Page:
W3C home > Mailing lists > Public > public-html@w3.org > August 2007

Re: Stephen Ferg's Table Research

From: Jason White <jason@jasonjgw.net>
Date: Tue, 14 Aug 2007 17:00:38 +1000
To: HTMLWG <public-html@w3.org>
Message-ID: <20070814070038.GA6317@jdc.local>

On Tue, Aug 14, 2007 at 05:23:56AM +0000, Ian Hickson wrote:
> (There are many issues here beyond just whether any particular table can 
> be expressed in markup. Some of the tables I've seen discussed in these 
> threads are so complex that I don't understand what they are supposed to 
> represent, and I'm not blind -- we probably don't want to encourage 
> authors to write that kind of table in the first place! We have to balance 
> the usability of the language and the ease of implementation with its 
> expressiveness. Our goal isn't to make anything expressible in HTML, our 
> goal is to hit the 80% mark that helps most authors while keeping the 
> language simple and approachable, and while making it really easy to Do 
> The Right Thing to make pages that are accessible to everyone. We want to 
> design features that are inherently accessible, not features that require 
> an explicit step to "add accessibility", since most authors won't do that, 
> leaving that kind of feature pretty much dead in the water.)

Those might be your goals for HTML, but it is quite evident from discussions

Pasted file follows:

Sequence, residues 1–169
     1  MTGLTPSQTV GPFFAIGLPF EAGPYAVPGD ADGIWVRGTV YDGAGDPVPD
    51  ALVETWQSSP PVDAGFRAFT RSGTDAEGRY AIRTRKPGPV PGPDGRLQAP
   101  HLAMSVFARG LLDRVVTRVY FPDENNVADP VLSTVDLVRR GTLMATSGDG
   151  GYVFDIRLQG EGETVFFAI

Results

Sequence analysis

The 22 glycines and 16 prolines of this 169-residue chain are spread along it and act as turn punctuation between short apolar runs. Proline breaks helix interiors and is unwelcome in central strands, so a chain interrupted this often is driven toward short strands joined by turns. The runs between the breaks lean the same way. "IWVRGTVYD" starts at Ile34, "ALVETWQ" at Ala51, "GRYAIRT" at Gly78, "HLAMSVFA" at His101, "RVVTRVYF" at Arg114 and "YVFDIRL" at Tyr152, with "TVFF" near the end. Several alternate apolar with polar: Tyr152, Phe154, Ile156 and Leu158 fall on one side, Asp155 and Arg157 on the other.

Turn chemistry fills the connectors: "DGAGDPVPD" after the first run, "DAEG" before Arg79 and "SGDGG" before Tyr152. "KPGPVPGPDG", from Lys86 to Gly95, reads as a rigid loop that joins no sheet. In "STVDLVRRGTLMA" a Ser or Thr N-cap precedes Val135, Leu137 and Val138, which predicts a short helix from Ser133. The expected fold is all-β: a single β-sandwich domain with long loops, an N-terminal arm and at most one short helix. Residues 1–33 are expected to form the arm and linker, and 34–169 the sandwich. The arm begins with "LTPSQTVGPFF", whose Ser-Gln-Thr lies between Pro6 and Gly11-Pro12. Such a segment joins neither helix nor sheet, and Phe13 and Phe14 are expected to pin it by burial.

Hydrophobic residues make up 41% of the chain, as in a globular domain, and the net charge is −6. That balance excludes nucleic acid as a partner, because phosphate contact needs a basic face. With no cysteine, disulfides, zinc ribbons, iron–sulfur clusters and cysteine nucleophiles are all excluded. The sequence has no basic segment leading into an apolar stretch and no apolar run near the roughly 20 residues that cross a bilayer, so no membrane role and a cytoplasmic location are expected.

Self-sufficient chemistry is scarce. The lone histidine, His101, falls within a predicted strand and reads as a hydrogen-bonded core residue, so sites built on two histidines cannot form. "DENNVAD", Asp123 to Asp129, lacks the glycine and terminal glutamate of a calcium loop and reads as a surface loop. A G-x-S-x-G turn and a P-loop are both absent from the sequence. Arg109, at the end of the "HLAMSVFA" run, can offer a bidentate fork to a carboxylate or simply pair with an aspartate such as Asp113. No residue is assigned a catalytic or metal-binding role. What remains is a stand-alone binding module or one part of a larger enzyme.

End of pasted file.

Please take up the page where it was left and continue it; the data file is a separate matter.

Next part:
on this mailing list that there are others in the working group who disagree
with the above.

In particular, no amount of discouraging will preclude authors from writing
complex tables should they decide to do so. If they do write such tables, the
language should provide the necessary expressiveness to allow the header and
data cell associations to be specified explicitly, enabling those tables
(which by assumption will exist) to be made accessible.

The assumption that most authors won't add markup to assist non-visual user
agents and assistive technologies is also not a good starting point from which
to discuss accessibility. In some environments, authors are required to
include whatever markup is necessary for this purpose, and there are some
semantics which, in general, aren't useful to visual user agents, but which
can be crucially important in non-visual modalities. Table header and data
cell associations are one such example; some have argued in this forum that
textual alternatives to media elements are another (see the @alt as ToolTip

The entire WAI-ARIA effort is premised upon the inclusion of metadata which,
though seldom required for visual presentation, are essential for non-visual
user agents and assistive technologies, particularly, but not only, where
client-side scripts are involved. These semantics have to be supplied, whether
or not anybody discovers a means of making them useful to visual user-agents
as such.

I would agree that designs which both provide the necessary semantics and turn
out to be useful across all user agent scenarios (both visual and non-visual)
are desirable; but I dissent from any suggestion that this principle should be
broadened to discourage the provision of language features that are only
beneficial to non-visual UAs or to serve other accessibility-related needs.

In HTML, what you see is not all that you get, since the language has use
cases and is required to support application scenarios that go beyond the
visual user agent, as has been argued in other threads of this discussion.
Received on Tuesday, 14 August 2007 07:03:20 UTC

This archive was generated by hypermail 2.4.0 : Saturday, 9 October 2021 18:44:19 UTC